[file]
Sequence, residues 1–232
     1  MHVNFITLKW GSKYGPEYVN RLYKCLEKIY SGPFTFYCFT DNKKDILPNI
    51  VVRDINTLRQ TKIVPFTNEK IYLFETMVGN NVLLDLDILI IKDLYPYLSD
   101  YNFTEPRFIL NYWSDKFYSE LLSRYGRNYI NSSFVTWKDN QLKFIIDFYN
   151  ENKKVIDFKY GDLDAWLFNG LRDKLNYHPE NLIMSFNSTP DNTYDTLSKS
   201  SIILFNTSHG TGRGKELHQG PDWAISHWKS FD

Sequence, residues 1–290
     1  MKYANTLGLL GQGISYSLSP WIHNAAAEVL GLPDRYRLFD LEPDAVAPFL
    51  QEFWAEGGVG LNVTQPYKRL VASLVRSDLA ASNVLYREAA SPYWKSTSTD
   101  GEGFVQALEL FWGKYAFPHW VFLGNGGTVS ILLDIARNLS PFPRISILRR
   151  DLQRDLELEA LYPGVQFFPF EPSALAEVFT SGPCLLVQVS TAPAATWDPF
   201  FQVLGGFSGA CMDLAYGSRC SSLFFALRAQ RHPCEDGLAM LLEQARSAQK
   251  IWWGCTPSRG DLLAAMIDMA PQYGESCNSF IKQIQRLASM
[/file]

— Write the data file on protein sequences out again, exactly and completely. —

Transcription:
Sequence, residues 1–232
     1  MHVNFITLKW GSKYGPEYVN RLYKCLEKIY SGPFTFYCFT DNKKDILPNI
    51  VVRDINTLRQ TKIVPFTNEK IYLFETMVGN NVLLDLDILI IKDLYPYLSD
   101  YNFTEPRFIL NYWSDKFYSE LLSRYGRNYI NSSFVTWKDN QLKFIIDFYN
   151  ENKKVIDFKY GDLDAWLFNG LRDKLNYHPE NLIMSFNSTP DNTYDTLSKS
   201  SIILFNTSHG TGRGKELHQG PDWAISHWKS FD

Sequence, residues 1–290
     1  MKYANTLGLL GQGISYSLSP WIHNAAAEVL GLPDRYRLFD LEPDAVAPFL
    51  QEFWAEGGVG LNVTQPYKRL VASLVRSDLA ASNVLYREAA SPYWKSTSTD
   101  GEGFVQALEL FWGKYAFPHW VFLGNGGTVS ILLDIARNLS PFPRISILRR
   151  DLQRDLELEA LYPGVQFFPF EPSALAEVFT SGPCLLVQVS TAPAATWDPF
   201  FQVLGGFSGA CMDLAYGSRC SSLFFALRAQ RHPCEDGLAM LLEQARSAQK
   251  IWWGCTPSRG DLLAAMIDMA PQYGESCNSF IKQIQRLASM